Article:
And…..scene. Simple enough, right? From here the initiator (in this case, Bug) will pipe off a quick “waa!” in her best baby to alert the rest of us that we are now, in fact, pretending. Taking her cue, Lemon will go into mommy mode, which consists of a lot of nurturing, hugging and calling everyone “sweetie”, all of which, I think, reflects well on the real mommy around here (though, she doesn’t call anyone  “sweetie” as she isn’t 70 years old yet). I am a natural in my role and immediately begin muttering to myself while not showering.

Like I said, though, you never know what direction Pretend is going to take. And rarely do I get off so easy as to be the daddy.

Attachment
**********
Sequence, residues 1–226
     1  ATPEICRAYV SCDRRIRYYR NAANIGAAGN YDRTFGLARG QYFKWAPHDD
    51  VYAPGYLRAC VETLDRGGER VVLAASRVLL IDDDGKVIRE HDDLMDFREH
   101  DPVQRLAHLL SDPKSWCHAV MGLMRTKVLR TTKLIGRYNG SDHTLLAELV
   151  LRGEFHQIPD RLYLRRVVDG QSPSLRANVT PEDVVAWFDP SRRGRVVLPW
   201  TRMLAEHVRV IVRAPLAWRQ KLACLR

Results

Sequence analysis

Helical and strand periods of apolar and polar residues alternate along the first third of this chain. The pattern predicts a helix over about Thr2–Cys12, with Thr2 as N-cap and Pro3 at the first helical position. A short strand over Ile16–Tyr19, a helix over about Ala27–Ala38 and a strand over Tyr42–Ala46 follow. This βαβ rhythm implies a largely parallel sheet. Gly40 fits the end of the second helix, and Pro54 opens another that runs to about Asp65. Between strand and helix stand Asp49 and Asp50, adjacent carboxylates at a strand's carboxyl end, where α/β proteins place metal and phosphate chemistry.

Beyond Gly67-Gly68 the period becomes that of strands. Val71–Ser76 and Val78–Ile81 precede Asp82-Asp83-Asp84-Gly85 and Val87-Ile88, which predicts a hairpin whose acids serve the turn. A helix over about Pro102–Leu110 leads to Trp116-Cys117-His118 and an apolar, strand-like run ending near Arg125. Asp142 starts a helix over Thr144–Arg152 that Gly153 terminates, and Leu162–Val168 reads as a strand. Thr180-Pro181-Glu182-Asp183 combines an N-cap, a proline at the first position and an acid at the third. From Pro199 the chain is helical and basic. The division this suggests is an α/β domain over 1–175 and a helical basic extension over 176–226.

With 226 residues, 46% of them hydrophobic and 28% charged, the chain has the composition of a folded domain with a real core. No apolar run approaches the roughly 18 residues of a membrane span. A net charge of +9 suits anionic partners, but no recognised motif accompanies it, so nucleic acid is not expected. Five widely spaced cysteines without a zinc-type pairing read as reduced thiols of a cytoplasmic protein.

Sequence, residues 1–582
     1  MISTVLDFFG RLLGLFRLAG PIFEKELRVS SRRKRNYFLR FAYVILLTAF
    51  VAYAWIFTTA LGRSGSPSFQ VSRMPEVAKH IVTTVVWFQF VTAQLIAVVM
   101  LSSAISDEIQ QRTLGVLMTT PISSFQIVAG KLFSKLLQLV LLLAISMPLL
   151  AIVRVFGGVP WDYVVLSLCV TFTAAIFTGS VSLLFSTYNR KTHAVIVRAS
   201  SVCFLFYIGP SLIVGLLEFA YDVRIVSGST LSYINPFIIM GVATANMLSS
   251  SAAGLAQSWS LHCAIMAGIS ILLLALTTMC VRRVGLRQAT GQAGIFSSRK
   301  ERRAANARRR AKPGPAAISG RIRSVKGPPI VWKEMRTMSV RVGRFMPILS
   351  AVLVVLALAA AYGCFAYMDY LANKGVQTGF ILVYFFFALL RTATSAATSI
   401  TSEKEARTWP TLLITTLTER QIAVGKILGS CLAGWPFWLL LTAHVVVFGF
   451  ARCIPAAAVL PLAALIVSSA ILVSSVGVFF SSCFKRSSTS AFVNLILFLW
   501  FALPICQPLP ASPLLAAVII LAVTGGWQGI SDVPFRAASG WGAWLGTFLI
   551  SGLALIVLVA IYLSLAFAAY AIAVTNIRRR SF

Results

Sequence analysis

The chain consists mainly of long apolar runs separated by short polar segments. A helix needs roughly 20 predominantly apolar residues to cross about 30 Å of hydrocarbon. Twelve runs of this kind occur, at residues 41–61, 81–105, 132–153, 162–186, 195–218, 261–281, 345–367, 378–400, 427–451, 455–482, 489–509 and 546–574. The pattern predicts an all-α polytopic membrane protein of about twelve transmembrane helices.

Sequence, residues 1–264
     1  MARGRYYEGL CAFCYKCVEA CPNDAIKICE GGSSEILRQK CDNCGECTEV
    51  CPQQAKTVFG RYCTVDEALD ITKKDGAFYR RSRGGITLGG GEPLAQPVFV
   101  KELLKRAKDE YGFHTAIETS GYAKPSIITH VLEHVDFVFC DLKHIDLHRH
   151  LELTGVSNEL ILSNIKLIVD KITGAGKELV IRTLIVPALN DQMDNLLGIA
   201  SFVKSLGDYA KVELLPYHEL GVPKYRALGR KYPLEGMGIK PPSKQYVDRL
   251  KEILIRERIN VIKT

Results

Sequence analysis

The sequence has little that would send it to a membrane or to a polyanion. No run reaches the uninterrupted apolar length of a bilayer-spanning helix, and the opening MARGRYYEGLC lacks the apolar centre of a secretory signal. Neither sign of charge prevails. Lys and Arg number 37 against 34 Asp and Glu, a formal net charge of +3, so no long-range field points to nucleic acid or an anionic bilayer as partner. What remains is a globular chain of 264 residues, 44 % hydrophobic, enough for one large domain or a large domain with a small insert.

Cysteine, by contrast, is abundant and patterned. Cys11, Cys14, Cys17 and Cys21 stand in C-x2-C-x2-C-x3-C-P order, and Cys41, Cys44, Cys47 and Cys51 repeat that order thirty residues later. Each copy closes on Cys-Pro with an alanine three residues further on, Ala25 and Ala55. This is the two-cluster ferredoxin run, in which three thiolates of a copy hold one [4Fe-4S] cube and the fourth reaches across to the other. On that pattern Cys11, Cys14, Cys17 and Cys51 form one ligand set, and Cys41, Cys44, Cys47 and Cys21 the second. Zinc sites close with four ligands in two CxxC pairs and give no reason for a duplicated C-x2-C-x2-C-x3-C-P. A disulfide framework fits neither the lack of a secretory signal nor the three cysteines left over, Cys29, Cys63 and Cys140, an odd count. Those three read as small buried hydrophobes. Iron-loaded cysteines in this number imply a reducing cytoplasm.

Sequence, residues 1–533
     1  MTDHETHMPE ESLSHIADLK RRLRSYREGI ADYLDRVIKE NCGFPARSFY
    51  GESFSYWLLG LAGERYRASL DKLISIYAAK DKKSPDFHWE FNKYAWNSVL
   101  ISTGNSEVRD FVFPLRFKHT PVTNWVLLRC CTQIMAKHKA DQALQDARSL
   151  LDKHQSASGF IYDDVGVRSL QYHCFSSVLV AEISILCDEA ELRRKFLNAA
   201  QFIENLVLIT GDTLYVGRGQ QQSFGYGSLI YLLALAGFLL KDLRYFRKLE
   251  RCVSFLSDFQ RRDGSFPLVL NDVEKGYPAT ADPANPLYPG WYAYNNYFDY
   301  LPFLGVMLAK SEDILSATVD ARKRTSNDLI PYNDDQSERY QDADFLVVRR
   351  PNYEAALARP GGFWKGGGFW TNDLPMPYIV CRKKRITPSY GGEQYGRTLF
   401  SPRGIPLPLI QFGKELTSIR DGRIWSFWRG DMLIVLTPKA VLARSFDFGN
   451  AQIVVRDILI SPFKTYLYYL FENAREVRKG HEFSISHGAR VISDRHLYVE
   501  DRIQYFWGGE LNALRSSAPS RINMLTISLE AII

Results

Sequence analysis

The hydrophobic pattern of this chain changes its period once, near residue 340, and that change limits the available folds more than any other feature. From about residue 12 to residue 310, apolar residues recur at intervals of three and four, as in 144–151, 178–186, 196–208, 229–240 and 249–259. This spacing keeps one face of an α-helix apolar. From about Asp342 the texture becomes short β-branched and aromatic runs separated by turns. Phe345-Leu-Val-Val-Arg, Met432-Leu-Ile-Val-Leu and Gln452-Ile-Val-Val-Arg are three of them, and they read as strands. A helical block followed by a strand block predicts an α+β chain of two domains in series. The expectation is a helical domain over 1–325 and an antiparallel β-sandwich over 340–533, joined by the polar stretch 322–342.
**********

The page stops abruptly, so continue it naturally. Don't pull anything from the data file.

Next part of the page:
Let’s pretend that I am 11 and you are my little brother and daddy is the dog.

Not such a stretch and with only minor role readjustments. But you can’t get comfortable – Pretend moves pretty fast around our house.

Let’s pretend that I’m 9 and you are my daughter and I am the back-up small
forward for the 1983 Washington Generals.

Another thing about Pretend is that you might not be included in every performance. Also, there might be some glaringly unrealistic details. I mean, seriously….9 years old AND on the traveling squad with the Generals already? Please. You’re not getting on the floor with the ‘Trotters until you are at least 12. Everyone knows that. I was glad not to be included in that one – it just seemed silly.